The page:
Empathy & Expression: Why Both Are Needed to Have Deeply Satisfying Relationships With Others & Ourselves

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FriendshipLast year (2013), the word empathy permanently became part of my vocabulary. I knew the definition. But I had never studied it in detail – much less thought of in context.

The more I started working with mine (and others’) experiences as introverts and highly sensitive people, I started incurring a much more broad and expansive realization of a drought of empathy that existed for so many of us from previous relationships we had been in, wanted, or felt like we failed in. 

Carl Jung said, “who looks outside dreams – who looks inside, awakens.” 

I wanted both. I FELT both.

Yet another paradox.  

THIS was empathy and expression working together. I just wasn’t advanced enough at the time I started doing the work I do now, to fully understand the profound implications of these two aspects working together.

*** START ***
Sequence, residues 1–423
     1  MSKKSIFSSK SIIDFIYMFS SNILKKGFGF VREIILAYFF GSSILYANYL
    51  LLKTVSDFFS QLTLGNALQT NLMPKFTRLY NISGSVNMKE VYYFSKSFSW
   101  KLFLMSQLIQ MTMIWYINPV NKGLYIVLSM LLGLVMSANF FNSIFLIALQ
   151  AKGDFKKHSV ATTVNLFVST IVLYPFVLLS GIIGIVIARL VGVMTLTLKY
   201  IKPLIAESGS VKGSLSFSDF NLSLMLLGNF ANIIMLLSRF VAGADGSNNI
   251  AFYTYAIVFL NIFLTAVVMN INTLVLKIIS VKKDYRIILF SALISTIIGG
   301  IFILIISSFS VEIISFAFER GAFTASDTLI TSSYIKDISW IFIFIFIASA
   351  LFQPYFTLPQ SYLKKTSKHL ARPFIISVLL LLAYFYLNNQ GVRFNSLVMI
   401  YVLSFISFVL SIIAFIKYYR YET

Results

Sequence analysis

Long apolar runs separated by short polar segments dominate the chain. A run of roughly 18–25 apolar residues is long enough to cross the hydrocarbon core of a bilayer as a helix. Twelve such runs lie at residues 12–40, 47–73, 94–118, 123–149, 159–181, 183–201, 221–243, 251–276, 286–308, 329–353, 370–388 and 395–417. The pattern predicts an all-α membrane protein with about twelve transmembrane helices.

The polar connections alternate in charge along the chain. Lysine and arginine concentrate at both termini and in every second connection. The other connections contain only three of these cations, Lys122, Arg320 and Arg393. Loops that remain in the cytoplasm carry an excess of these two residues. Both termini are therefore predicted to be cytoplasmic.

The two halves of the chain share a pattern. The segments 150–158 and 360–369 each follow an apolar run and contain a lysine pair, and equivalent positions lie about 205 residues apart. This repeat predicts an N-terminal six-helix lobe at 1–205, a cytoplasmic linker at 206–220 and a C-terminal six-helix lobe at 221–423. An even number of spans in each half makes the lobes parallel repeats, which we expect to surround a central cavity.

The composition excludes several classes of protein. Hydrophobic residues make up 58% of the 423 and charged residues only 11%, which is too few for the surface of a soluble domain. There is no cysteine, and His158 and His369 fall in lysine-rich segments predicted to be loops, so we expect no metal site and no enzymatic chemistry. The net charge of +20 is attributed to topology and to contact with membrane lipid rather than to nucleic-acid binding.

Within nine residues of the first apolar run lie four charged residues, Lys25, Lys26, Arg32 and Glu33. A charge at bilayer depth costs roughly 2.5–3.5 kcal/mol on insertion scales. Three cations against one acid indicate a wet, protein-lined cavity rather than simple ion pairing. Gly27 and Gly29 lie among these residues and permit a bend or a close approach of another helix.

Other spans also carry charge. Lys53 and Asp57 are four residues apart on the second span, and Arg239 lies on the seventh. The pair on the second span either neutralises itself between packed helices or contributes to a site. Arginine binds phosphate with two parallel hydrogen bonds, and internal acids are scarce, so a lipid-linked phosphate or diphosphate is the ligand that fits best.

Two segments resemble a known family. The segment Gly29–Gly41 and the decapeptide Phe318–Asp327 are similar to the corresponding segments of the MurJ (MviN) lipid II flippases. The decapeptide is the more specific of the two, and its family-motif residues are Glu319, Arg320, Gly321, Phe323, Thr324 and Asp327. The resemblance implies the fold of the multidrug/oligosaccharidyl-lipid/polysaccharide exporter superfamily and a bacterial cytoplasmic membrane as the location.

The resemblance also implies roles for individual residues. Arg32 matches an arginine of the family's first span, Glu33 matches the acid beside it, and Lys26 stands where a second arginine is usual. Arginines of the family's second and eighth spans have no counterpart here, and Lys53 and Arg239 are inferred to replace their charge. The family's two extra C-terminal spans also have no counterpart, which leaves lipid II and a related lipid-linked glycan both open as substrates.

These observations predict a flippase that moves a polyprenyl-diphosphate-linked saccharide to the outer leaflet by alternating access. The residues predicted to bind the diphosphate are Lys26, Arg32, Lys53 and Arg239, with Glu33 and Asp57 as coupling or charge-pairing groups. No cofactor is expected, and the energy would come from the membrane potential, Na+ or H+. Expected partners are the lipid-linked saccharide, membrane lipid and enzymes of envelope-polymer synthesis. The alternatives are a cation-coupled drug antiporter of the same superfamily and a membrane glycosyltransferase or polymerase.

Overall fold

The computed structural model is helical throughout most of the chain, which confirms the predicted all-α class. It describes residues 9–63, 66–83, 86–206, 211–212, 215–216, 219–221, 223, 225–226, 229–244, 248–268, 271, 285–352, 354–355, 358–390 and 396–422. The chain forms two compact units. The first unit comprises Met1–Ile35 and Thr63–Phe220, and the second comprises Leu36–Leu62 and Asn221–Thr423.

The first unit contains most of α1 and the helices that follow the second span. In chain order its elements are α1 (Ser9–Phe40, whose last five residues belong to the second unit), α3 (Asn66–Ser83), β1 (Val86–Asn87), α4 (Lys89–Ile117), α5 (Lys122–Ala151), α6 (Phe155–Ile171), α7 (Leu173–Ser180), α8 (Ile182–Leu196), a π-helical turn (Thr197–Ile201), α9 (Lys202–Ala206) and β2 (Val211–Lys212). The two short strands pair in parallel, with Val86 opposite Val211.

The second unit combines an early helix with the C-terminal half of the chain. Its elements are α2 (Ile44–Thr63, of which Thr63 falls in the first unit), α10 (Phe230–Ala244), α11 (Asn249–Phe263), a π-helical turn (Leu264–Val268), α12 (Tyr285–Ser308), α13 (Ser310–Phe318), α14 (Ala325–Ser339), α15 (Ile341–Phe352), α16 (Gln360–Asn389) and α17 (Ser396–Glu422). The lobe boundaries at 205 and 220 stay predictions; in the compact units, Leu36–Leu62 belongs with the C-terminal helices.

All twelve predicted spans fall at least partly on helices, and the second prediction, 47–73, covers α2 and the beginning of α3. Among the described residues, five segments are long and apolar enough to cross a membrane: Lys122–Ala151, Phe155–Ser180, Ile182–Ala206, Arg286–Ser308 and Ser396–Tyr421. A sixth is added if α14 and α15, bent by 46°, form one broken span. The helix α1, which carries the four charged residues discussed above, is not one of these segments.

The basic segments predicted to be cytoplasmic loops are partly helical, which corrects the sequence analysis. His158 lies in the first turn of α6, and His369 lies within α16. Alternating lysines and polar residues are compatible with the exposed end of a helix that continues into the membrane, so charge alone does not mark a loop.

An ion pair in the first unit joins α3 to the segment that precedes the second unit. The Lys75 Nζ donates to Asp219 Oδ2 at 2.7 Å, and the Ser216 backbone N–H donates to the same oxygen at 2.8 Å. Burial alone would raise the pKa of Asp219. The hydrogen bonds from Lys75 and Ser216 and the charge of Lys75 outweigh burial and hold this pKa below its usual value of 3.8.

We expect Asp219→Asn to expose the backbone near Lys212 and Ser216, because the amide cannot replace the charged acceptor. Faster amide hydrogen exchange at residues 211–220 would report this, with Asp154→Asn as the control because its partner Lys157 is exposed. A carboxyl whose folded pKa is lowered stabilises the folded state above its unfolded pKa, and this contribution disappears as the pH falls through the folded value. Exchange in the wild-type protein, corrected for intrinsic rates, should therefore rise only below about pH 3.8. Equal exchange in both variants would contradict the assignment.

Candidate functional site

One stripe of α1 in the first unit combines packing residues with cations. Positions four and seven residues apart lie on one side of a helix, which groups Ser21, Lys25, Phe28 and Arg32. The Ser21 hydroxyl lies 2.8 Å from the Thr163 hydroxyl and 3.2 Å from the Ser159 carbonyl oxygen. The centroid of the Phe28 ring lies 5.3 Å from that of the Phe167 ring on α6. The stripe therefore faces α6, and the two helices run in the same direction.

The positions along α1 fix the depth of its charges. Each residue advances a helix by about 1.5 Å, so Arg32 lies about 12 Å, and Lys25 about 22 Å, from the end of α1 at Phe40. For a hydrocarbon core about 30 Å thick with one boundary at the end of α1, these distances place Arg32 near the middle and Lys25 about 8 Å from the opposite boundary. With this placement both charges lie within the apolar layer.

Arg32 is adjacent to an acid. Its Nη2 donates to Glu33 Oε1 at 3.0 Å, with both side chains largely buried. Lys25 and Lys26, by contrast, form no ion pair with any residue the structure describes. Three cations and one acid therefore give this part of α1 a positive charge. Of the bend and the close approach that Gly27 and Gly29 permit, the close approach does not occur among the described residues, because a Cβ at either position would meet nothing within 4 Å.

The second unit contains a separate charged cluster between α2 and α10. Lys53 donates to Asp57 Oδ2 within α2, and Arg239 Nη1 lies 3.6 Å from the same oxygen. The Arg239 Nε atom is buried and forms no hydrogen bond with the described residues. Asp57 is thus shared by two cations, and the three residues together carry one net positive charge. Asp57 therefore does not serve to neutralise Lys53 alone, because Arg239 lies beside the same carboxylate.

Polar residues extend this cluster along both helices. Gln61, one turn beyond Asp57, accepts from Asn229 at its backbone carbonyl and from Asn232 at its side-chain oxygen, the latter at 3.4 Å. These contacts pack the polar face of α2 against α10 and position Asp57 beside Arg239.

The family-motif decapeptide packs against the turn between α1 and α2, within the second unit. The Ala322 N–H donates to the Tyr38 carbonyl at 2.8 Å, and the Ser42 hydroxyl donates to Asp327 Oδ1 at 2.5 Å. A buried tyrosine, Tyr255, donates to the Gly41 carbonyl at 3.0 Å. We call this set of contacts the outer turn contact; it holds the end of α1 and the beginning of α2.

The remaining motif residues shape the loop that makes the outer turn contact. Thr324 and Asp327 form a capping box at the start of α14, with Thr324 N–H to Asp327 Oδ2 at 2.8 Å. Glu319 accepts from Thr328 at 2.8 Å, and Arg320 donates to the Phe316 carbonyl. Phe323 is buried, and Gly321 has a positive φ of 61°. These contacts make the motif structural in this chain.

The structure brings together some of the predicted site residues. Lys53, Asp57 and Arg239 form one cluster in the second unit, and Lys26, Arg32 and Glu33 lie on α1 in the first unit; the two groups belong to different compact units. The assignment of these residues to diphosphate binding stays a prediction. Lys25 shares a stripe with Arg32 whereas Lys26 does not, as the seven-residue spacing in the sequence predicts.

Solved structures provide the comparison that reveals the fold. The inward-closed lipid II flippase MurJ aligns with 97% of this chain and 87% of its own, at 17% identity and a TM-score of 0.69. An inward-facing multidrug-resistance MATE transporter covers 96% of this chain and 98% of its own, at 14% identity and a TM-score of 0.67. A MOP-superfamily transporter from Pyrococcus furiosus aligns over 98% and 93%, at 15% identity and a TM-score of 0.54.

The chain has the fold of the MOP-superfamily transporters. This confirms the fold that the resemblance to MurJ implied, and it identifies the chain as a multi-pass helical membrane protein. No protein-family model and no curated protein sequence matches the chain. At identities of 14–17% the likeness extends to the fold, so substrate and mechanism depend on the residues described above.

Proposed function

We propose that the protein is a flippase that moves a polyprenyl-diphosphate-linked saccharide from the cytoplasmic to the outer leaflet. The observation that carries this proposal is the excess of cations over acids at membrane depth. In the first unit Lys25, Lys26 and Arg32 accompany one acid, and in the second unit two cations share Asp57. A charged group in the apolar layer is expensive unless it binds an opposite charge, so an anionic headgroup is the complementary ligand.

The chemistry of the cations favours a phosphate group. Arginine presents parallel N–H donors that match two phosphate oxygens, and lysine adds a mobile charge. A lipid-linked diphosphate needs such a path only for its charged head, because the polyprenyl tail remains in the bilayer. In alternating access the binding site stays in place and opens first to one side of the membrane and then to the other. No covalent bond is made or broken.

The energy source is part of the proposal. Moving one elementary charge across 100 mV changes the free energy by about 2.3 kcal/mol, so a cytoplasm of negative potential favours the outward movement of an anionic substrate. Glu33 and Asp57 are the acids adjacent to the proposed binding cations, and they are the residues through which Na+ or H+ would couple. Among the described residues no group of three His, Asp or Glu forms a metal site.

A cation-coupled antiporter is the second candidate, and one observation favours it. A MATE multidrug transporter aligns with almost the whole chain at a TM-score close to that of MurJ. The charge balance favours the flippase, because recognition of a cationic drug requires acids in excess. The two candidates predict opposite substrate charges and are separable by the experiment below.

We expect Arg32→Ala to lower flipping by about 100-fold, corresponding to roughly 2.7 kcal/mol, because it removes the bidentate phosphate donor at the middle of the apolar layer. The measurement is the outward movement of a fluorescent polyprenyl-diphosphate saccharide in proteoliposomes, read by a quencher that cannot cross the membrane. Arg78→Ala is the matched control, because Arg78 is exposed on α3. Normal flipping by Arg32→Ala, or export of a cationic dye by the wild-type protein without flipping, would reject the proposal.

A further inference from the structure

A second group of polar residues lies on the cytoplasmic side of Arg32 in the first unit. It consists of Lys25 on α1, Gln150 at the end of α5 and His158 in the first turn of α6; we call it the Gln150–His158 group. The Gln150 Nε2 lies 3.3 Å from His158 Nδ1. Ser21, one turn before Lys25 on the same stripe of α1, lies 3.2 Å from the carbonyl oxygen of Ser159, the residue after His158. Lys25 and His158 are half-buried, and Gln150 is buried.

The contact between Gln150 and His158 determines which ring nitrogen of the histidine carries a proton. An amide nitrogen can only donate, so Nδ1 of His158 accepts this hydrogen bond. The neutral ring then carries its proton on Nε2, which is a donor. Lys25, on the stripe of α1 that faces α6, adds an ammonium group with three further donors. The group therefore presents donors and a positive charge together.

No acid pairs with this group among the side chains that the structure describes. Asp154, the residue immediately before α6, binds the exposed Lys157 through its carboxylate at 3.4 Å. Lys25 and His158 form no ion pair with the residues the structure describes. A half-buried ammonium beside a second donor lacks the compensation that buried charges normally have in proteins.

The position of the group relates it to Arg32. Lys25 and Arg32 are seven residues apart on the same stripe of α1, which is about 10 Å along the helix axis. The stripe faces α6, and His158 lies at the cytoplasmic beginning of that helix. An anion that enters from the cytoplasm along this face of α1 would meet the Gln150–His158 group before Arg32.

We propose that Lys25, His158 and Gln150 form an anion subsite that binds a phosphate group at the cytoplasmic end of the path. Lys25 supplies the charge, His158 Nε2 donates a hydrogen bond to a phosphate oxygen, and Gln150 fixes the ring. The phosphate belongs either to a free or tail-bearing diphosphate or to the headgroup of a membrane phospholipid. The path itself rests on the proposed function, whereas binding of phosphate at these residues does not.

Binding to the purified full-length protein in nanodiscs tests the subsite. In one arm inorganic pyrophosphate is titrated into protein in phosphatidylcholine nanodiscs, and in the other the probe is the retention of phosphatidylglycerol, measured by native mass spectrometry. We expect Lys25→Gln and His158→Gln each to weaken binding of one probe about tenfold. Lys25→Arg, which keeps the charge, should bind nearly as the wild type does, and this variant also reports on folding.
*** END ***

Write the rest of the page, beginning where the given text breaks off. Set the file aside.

To be clear, empathy is what gives us the ability to step into the shoes (and thoughts, emotions, & even feelings) of another human being – to experience life through their eyes. Sympathy simply has compassion on them – it doesn’t want or ask to feel what they feel – it just feels “sorry” for them. That’s the difference in the two.

Many highly sensitive people (HSP’s) find this to be a double-edged sword. We often feel too much of what others feel and hence, want to feel less at times. It’s not that we don’t care – we just pick up on way more than we’d like to most days. We feel the subtleties in people’s moods even.

Another paradox. It’s necessary and it’s exhausting. Both.

So here’s the thing – a lot of people write and teach about empathy. And empathy is a wonderful topic. It certainly is the preferred method to its more evil and frustrating counterparts, apathy, passivity, and neglect.

However, the one thing I see missing in the teaching of this rewarding way of experiencing the world is how it can best be received, and that is through expression.

Said another way, the highest expression of empathy is two-fold – it’s both understanding and expression.


What That Looks Like In The Mirror